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Old 01-03-2007, 07:27 PM   #40
Join Date: May 2002
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Originally Posted by bimmerZ5 View Post
You're right about the twin turbo setup. I was thinking of BMW's twin turbo diesel engine that has a sequencial turbo setup.

However, gearing does influence the drivability of a turbo engine car. Just as an example, off line in 1st gear, the car with the higher multiplying gear ratio is going to reach a lower RPM than the same car with a lower multiplying gear ratio at the same speed. Hence, as an example, at say 40mph, one car will be at 3000 RPM vs the other car will be at 4500 RPM. If your boost doesn't kick in until 4000RPM, then having the gear ratio that gets you in that RPM range quicker will make getting into the "boosted zone" easier. Typically, the car that gets into the boost zone quicker will be faster. At higher speeds, this becomes less significant as you can choose to use a lower gear to keep your revs up, and hence in boost. At lower speeds, you only have a few choices in gears and you can't go lower than 1st.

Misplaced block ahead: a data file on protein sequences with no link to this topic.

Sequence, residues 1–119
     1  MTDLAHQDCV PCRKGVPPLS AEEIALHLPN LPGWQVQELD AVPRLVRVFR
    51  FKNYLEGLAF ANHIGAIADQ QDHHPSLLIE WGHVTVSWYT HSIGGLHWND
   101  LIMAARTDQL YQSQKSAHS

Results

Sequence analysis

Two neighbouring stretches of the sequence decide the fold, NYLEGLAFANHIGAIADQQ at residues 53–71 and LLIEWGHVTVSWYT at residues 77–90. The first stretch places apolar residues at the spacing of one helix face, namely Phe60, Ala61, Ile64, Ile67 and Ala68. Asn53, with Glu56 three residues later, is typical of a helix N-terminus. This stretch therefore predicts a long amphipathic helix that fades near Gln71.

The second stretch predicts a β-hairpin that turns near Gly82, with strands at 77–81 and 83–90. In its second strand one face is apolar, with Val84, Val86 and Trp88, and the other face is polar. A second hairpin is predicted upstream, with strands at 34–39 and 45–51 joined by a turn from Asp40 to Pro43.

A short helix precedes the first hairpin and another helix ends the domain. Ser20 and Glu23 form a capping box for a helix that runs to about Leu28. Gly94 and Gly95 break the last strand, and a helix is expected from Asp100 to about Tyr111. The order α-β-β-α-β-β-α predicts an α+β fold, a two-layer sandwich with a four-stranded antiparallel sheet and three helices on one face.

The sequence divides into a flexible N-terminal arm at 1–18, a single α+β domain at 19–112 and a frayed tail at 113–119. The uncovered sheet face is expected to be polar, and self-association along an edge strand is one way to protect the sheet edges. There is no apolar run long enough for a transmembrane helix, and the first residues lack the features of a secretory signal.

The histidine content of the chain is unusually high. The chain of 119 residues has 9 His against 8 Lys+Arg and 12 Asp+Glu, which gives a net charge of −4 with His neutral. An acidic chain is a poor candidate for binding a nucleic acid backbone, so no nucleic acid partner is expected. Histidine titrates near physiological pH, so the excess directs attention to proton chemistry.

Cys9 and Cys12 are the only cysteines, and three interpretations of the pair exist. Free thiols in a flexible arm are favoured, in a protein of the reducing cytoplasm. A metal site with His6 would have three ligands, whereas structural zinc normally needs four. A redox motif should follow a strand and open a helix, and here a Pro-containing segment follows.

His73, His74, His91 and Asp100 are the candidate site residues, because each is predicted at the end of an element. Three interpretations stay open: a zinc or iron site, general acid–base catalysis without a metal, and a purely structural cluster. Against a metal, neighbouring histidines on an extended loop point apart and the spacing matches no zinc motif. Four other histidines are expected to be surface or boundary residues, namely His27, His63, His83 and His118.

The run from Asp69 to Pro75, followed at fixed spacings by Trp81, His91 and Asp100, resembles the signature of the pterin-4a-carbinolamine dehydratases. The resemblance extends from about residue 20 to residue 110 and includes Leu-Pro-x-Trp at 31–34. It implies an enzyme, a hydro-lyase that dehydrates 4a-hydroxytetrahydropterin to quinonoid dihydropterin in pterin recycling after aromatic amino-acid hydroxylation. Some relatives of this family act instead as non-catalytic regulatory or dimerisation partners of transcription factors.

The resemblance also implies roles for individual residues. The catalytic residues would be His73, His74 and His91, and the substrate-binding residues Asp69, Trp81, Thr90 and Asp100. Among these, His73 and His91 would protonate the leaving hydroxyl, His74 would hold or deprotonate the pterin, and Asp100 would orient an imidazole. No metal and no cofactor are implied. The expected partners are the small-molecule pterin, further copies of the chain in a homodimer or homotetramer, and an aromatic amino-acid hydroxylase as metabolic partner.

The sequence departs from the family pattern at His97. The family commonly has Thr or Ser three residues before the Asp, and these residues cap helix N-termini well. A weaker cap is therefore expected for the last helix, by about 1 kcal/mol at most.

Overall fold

In any case, if this engine uses smaller turbos that kick in at lower RPM ranges, then a lot of this matter less.

Oh indeed gearing changes drive ability but not actual power output of the engine. We reach agreement on that. As you said at the end BMW has elimated both of the cons of FI engines by going with this setup. Gearing can be kept the same as their NA engines because torque is available throughout the range and boost lag is non existant as well.
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